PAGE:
Historic (rec.food.historic) Discussing and discovering how food was made and prepared way back when--From ancient times down until (& possibly including or even going slightly beyond) the times when industrial revolution began to change our lives.

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Old 22-01-2009, 03:31 PM posted to rec.food.historic
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And it would be nice to see more signs of life here...

I am working on a bibliography (well, several, but right now one
in particular). My main interest (for this, anyway) is US
cookery. The question is what is a reasonable cut-off for
European cookbooks as part of this. Obviously, folks brought
European cookbooks to this country, and some of the European
cookbooks were reprinted here (or there were new, somewhat
modified editions for this country). When did such cookbooks stop
being a significant factor in US cookery (aside from the obvious
heritage aspect of recipes in general)?
--
Jean B.

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Old 07-02-2009, 07:31 PM posted to rec.food.historic
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"Jean B." wrote in message
...
And it would be nice to see more signs of life here...

I am working on a bibliography (well, several, but right now one in
particular). My main interest (for this, anyway) is US cookery. The
question is what is a reasonable cut-off for European cookbooks as part of
this. Obviously, folks brought European cookbooks to this country, and
some of the European cookbooks were reprinted here (or there were new,
somewhat modified editions for this country). When did such cookbooks
stop being a significant factor in US cookery (aside from the obvious
heritage aspect of recipes in general)?
--
Jean B.


I'm not a historian by any means, nor American.... but I assume looking at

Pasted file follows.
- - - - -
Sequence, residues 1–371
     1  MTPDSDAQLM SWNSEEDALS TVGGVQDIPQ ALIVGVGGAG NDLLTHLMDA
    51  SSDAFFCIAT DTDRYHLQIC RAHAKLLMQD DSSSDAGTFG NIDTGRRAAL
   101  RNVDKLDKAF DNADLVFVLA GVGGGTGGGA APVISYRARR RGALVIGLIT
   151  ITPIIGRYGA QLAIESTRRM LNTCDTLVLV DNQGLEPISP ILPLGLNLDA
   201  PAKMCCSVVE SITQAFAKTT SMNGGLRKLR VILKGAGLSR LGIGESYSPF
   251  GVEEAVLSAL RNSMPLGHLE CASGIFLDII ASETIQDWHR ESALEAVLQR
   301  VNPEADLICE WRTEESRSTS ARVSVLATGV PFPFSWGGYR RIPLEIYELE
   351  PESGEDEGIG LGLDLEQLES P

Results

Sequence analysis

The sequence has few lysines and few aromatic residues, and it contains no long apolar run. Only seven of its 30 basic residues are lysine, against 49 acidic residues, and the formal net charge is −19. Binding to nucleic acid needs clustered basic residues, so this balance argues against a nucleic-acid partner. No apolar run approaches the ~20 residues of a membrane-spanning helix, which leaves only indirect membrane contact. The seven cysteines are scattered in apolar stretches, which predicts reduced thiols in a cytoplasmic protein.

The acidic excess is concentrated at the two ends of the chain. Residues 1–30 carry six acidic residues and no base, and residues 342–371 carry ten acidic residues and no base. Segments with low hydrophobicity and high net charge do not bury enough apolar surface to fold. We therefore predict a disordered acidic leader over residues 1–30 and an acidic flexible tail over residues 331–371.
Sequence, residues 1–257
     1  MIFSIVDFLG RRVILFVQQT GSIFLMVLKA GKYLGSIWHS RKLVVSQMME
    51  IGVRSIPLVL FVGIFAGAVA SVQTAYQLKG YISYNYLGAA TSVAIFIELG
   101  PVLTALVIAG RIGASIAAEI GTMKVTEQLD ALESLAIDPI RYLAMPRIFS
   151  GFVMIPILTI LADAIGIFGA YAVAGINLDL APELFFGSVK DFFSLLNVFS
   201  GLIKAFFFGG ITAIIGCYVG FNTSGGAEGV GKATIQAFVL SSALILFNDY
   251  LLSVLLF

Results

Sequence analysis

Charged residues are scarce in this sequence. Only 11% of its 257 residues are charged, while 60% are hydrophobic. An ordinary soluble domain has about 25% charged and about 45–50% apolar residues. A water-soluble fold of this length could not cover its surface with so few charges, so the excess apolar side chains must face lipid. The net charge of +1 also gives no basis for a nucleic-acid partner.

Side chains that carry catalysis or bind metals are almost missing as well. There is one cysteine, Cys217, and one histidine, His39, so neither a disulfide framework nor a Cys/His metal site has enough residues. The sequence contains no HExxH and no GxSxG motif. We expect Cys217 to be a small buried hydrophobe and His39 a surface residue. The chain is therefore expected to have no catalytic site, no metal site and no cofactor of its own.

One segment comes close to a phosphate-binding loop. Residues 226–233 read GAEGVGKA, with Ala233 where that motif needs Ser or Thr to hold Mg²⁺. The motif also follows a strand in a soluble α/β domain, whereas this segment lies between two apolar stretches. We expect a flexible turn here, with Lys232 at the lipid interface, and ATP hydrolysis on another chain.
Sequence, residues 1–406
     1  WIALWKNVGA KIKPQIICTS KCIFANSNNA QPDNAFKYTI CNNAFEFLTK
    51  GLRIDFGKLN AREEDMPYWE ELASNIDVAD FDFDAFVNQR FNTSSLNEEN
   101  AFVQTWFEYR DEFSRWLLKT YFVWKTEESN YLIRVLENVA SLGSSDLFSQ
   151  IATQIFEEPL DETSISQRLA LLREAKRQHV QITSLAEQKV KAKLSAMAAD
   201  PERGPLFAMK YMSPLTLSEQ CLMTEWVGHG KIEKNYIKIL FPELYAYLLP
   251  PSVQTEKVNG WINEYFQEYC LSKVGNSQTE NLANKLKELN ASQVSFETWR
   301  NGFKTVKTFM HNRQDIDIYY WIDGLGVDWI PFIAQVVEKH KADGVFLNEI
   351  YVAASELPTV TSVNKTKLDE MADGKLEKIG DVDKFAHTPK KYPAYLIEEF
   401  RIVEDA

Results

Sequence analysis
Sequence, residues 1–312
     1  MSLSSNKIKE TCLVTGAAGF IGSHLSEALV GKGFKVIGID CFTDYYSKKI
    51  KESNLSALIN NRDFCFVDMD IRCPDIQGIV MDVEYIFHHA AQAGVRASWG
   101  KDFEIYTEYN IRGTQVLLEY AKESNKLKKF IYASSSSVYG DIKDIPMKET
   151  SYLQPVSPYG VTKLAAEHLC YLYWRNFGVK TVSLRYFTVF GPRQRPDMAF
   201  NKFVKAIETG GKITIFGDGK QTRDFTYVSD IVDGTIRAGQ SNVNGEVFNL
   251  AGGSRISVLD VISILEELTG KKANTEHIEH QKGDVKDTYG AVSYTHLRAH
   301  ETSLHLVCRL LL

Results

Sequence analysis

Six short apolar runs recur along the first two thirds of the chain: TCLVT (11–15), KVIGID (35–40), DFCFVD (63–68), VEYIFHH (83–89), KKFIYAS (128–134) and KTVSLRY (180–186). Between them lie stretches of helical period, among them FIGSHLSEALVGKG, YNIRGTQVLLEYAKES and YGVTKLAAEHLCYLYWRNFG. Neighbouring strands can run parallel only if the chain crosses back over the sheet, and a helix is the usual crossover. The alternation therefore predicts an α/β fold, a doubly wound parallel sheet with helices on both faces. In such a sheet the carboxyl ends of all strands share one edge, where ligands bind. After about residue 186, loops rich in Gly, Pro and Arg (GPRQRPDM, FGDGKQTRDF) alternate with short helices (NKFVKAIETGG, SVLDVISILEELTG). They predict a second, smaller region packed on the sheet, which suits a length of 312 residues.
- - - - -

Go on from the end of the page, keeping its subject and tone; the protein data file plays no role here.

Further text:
migration, you would find answers. Plenty of Irish traveled in the mid 19th
I think, and probably brought their cooking with them, having a large
influence that needed to die off. Was there large migrations to the USA
after WW1?

In all I imagine the food rationing during the depression and then WW2 would
have influenced cooking to a large degree and may be that point in time you
are looking for?


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Old 09-02-2009, 12:57 AM posted to rec.food.historic
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Peter wrote:
"Jean B." wrote in message
...
And it would be nice to see more signs of life here...

I am working on a bibliography (well, several, but right now one in
particular). My main interest (for this, anyway) is US cookery. The
question is what is a reasonable cut-off for European cookbooks as part of
this. Obviously, folks brought European cookbooks to this country, and
some of the European cookbooks were reprinted here (or there were new,
somewhat modified editions for this country). When did such cookbooks
stop being a significant factor in US cookery (aside from the obvious
heritage aspect of recipes in general)?
--
Jean B.


I'm not a historian by any means, nor American.... but I assume looking at
migration, you would find answers. Plenty of Irish traveled in the mid 19th
I think, and probably brought their cooking with them, having a large
influence that needed to die off. Was there large migrations to the USA
after WW1?

In all I imagine the food rationing during the depression and then WW2 would
have influenced cooking to a large degree and may be that point in time you
are looking for?


That would be true, depending on how recent I want my total end
point to be. I was thinking I would end the whole thing at 1900
or 1920. (Of course, that may change, because I keep thinking of
reasons to extend the end point for my collection.)

--
Jean B.
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Old 09-02-2009, 05:58 PM posted to rec.food.historic
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"Jean B." wrote in message
...
Peter wrote:
"Jean B." wrote in message
...
And it would be nice to see more signs of life here...

I am working on a bibliography (well, several, but right now one in
particular). My main interest (for this, anyway) is US cookery. The
question is what is a reasonable cut-off for European cookbooks as part
of this. Obviously, folks brought European cookbooks to this country,
and some of the European cookbooks were reprinted here (or there were
new, somewhat modified editions for this country). When did such
cookbooks stop being a significant factor in US cookery (aside from the
obvious heritage aspect of recipes in general)?
--
Jean B.


I'm not a historian by any means, nor American.... but I assume looking